Movies

What ails the Indian film industry?

BANGALORE: A panel discussion on ‘What ails the film industry - A reality checkup of the filmed entertainment sector‘ at the third edition of the Ficci‘s two-day Media and Entertainment Business Conclave highlighted a number of issues that plagued the film industry in India.


The session, moderated by actor, director and screenwriter Kamal Hassan had film producer, director and scriptwriter S Priyadarsan, South India Film Chamber of Commerce Secretary L Suresh, Cinemax CEO Suresh Shenoy and Real Images co-founder Senthil Kumar as panellists.


Piracy, multiple sales of the same ticket and the state governments‘ role in fixing movie ticket prices were highlighted as the main banes of the Indian film industry.


In the case of producers, besides piracy, the other major ailments were high cost of talent and high cost of production; cost inflation; lack of understanding of Intellectual Property (IP) and Copyright (CR) rules; lack of access to institutional funding; lack of good scriptwriters and original content.


From the exhibitors point of view, archaic rules and regulations, some as old as 1947, such as getting licenses and renewals, needed a relook since most of the theaters had gone digital. The laws based on the Electricity and the Projection Acts were not really relevant today.


From the distributors point of view some of the problems faced included exorbitant acquisition costs; because of non-availability of institutional funds, regional distributors were finding it difficult to grow beyond their limits, hence making it difficult to release films during peak season time because of high prices by the exhibitors and also multiple releases during a week makes it difficult for the distributor to get good show timings from the exhibitors who control the last mile.


The industry needed to embrace technology at all places down the value chain. Priyadarsan shared the approach of the Kerala Film Industry to curb piracy and revenue leakages through wide releases of films and computerised ticketing. Instead of the 30 or 40 screens that a film was released earlier, it is now being released across 100 screens. In the case of computerised tickets, Priyadarsan said that sitting in his house, he could know how many tickets of his film were sold in real time.


Shenoy cautioned that the viability of a wide release varied from movie to movie. It should be based on the merit of the film. He pointed out the wide release had brought down the shelf life of a movie from 4 weeks to 1 week, hence there could be problem with maintaining a flow of content for the exhibitor. The number of movies being produced had to be at least doubled to maintain a steady flow of content and to advocate wide releases for big ticket films.


Shenoy also suggested that the government should take up piracy issue on a pan India basis and bring in a suitable law and impose it on the states, rather than the current situation where piracy which came mainly under the ambit of state governments‘, many of whom did not take the matter seriously.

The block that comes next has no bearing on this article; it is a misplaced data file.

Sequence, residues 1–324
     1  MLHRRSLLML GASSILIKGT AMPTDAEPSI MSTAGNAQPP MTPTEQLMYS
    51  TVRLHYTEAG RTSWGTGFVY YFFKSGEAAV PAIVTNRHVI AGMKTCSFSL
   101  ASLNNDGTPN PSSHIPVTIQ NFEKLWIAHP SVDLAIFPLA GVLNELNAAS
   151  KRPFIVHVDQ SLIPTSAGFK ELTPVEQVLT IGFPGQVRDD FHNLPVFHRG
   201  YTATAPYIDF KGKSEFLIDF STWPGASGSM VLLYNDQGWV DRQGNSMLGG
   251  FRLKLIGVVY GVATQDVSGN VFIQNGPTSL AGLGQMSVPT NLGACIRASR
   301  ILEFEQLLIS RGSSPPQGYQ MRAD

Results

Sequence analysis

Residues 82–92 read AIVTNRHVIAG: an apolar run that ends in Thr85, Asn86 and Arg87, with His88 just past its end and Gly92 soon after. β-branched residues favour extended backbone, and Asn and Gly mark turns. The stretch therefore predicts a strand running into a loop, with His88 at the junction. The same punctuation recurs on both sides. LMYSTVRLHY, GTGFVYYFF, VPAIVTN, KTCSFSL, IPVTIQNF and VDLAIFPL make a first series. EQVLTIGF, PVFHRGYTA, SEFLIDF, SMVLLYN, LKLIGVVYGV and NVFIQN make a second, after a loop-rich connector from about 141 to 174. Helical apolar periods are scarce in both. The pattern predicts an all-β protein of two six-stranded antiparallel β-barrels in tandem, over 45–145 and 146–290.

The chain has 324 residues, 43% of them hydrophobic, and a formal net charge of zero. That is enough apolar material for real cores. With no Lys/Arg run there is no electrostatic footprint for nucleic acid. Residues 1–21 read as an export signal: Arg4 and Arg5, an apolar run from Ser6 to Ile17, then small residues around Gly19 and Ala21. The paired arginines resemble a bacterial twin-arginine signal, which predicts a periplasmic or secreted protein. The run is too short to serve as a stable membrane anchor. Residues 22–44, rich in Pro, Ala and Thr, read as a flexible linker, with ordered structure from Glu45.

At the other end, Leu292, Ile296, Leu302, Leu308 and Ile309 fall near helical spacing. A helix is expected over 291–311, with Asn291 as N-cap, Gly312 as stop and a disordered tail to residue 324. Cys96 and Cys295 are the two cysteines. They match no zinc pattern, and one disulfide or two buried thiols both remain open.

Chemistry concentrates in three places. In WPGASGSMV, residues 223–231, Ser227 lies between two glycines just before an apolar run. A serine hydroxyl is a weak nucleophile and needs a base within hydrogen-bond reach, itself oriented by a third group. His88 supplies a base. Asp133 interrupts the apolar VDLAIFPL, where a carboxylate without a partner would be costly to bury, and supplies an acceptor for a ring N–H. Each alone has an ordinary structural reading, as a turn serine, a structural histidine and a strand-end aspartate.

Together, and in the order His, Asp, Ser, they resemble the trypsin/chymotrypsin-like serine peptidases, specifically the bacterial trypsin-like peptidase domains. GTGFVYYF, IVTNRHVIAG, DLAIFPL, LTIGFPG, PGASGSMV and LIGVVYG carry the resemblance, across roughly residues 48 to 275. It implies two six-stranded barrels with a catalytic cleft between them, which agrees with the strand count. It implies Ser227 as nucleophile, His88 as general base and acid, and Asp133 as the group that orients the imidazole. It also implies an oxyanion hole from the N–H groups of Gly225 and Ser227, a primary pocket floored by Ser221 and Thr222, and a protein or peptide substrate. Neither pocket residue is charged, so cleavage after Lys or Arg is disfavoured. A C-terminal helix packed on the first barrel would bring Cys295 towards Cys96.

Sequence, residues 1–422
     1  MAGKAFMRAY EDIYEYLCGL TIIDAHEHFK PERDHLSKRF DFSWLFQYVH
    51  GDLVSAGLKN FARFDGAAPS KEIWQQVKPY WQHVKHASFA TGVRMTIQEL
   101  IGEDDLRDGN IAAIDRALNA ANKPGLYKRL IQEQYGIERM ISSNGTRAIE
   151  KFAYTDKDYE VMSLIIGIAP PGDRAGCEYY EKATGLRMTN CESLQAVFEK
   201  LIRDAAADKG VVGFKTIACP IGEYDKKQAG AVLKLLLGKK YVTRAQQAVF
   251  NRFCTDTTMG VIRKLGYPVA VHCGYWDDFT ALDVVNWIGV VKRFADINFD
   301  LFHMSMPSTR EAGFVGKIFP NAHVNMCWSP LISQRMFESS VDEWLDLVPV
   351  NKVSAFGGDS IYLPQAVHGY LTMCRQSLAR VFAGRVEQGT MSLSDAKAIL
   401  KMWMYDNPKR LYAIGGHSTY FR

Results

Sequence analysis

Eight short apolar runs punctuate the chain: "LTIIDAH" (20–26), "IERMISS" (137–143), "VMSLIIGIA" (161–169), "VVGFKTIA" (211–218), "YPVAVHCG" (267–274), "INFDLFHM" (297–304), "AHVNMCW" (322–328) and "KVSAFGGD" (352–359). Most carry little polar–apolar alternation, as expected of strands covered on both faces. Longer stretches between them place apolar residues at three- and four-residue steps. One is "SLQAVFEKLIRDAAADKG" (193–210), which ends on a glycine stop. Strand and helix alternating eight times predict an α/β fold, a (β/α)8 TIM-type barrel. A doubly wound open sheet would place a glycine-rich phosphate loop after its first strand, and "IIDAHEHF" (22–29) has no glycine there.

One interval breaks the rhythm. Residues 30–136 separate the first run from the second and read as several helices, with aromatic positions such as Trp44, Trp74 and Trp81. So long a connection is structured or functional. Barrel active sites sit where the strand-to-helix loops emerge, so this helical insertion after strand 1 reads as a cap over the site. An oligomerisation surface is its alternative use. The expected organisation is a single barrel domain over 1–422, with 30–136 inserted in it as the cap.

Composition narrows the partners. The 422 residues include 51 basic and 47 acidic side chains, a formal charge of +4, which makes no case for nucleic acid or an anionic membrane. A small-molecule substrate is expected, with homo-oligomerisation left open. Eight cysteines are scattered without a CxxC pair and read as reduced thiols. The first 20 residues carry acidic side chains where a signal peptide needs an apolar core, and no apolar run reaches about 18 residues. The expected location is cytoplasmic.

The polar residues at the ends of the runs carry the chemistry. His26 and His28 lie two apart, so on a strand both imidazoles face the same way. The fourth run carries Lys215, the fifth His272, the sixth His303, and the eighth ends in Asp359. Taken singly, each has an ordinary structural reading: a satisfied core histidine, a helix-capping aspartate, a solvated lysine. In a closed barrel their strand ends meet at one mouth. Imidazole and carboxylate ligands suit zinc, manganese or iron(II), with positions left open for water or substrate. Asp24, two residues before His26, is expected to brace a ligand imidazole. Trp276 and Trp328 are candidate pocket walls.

Suresh said that Tamil Nadu had one of the best laws to combat piracy that was being emulated by a number of states, but bemoaned the fact that implementation of the law was very poor. Piracy could be eradicated only if the administrators in a town were adamant and ruthless in implementing the law.


Suresh also questioned a state government‘s (like Tamil Nadu) curbs in the pricing of film tickets. The ticket price of a small budget film could be low, while in the case of the big budget film, the producer, with the knowledge-not permission from the state government, could fix whatever price he chose. Computerized ticketing would ensure that a government would get its taxes.


Hassan agreed with Suresh saying that the state government should treat films as any other business, more so in the case of the southern states, where the governments saw films more as a political platform.


Suresh also suggested dynamic pricing of film tickets, maybe, the price could be higher for the first few weeks and then lowered later. He further said that the in the case of other major cities and towns, the benefits of dynamic rates that were being arbitrarily fixed by theater owners depending upon show timings did not filter down to the producers who owned the copyrights of the content.


Shenoy informed, "In some cases, the cost of talent is almost 60 per cent of the film‘s budget". He suggested that rather than paying per film, the actors should be paid a fixed sum and part of the profits which depended upon the box-office performance of a film, a model similar to the one followed in Hollywood.


Senthil agreed that most of the problems faced by the industry could be alleviated with the right application of technology. Piracy, which caused leakage of 30 to 50 per cent revenue leakage, could be prevented to a great extent. Technology made it possible for piracy to be curbed in all means except through a cam-coder brought into the movie hall. Technology will make the necessity of a film print redundant.


Shenoy said that there was a need for open dialogue between all the stakeholders and the government as well as a constructive dialogue amongst various stakeholders in the film world is critical. For example the multiplex impasse a couple of years ago impacted not only the warring parties, but everyone in the value chain. "The industry must keep channels of communication open and look for alternative means for dispute resolution," he suggested.


Shenoy further suggested that producers should garner together an initiative to train scriptwriters and paid great importance to research and development to enable only quality scripts being made into films.

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